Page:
New York Natural Heritage Program
Four-flowered Loosestrife
Lysimachia quadriflora Sims
Dicots

General Description [-]
Lysimachia quadriflora is an erect, rhizomatous, perennial forb with 4-angled stems that grows (12-) 20 cm to 1 m tall. The leaves are opposite, entire, stiff, linear to narrowly lanceolate, and have revolute margins. They are 3.4 to 9 cm long by 0.2 to 0.6 cm wide, with 0.1 to 0.8 mm cilia at the leaf base near the nodes and have only one apparent vein. The flowers are borne singly or in whorls from the axils of the upper stem, on pedicels 0.5 to 2.8 cm long. The flowers are 5-parted with yellow petals that are sparsely streaked with brownish-violet (this is sometimes obscure) resin canals, and are 7 to 13 mm long and pointed, with stalked glands on their upper surfaces. The fruits are capsules 3.5 to 5 mm long and are typically glabrous (rarely with sparse stalked glands). (FNA 2010)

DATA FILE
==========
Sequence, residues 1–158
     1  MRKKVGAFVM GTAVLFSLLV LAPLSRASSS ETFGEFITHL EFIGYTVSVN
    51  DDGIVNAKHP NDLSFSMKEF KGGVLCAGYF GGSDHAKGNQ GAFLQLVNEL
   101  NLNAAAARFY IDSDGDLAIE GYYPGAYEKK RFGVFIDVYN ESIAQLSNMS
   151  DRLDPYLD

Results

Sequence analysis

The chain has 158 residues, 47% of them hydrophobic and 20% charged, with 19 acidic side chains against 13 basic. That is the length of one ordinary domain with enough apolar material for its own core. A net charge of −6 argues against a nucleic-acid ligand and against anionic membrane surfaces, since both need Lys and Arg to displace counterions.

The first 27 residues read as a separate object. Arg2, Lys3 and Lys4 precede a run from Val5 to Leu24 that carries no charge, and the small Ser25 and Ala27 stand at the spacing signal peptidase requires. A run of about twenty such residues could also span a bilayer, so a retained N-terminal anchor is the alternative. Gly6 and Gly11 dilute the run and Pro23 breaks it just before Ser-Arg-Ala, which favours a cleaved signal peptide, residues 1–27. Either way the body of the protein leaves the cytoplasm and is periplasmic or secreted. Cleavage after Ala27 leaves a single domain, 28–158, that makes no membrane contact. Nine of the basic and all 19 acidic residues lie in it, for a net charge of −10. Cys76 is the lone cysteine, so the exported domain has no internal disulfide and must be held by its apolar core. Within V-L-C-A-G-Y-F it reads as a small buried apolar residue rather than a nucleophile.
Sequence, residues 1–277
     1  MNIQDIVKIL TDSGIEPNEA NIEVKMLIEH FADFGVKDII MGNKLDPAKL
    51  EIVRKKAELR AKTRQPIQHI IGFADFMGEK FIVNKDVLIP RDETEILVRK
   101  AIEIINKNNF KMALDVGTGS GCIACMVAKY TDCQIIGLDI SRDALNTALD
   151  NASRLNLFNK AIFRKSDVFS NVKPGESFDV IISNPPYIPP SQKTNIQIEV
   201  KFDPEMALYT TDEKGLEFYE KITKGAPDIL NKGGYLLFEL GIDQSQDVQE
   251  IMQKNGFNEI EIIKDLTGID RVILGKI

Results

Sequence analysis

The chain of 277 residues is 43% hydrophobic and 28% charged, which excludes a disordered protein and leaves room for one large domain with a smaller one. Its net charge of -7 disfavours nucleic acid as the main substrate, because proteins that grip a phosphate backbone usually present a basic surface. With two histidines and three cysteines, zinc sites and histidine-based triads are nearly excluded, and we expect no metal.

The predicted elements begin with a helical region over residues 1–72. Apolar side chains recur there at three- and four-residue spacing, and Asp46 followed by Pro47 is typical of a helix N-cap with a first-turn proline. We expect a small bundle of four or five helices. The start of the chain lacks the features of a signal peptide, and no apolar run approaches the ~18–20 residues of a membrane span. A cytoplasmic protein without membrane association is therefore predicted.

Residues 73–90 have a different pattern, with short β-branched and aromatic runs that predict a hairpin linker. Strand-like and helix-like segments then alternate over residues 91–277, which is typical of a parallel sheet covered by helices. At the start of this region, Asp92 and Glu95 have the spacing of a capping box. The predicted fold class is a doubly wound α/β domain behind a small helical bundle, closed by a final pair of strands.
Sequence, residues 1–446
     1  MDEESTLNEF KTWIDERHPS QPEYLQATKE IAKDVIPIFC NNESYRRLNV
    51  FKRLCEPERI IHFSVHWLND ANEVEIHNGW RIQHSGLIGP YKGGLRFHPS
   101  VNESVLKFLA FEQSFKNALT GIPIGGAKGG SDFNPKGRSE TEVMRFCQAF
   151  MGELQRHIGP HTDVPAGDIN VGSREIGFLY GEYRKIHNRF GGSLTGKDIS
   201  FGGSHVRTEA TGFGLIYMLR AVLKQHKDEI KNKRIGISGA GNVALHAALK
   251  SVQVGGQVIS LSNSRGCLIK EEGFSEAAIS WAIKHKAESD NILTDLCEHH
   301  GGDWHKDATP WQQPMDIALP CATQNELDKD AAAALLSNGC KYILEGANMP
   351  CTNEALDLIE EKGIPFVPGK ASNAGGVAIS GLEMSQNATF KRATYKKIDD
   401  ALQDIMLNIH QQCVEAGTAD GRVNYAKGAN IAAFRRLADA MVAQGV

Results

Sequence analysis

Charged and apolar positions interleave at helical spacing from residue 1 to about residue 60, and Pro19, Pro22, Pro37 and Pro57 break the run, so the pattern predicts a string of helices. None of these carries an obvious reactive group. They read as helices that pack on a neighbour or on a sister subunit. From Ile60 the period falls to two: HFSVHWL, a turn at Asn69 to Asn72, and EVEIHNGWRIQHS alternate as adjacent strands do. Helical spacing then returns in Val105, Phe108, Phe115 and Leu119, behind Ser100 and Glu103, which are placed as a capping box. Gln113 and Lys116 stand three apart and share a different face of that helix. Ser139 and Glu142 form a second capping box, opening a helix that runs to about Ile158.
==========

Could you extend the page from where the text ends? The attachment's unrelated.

Best Life Stage for Proper Identification [-]
For positive identification of Lysimachia quadriflora the entire stem with intact mature flowers is best.

Similar Species [-]
A number of similar Lysimachia species occur in New York. Most differ from L. quadriflora by having punctate (minutely dotted) leaves. L. ciliata and L. hybrida have leaves that are not punctate, but they are typically broader with more evident lateral veins, and not revolute as are L. quadriflora's leaves (Haines 2011).

Hypericum canadense (Canada St John's wort) also may appear similar to L. quadiflora but can be distinguished by its numerous small flowers (3.2 to 6.3 mm wide), and shorter leaves (1.3 cm to 3.8 cm) with 1 to 3 veins.
Four-flowered Loosestrife Images
click to enlarge
The Best Time to See
Flowering typically begins in mid-June and continues through late July. Fruiting typically occurs beginning in mid-July with fruits persisting until late October.
J F M A M J J A S O N D
Vegetative Flowering Fruiting
The time of year you would expect to find Four-flowered Loosestrife vegetative (blue shading), flowering (green shading) and fruiting (orange shading) in New York.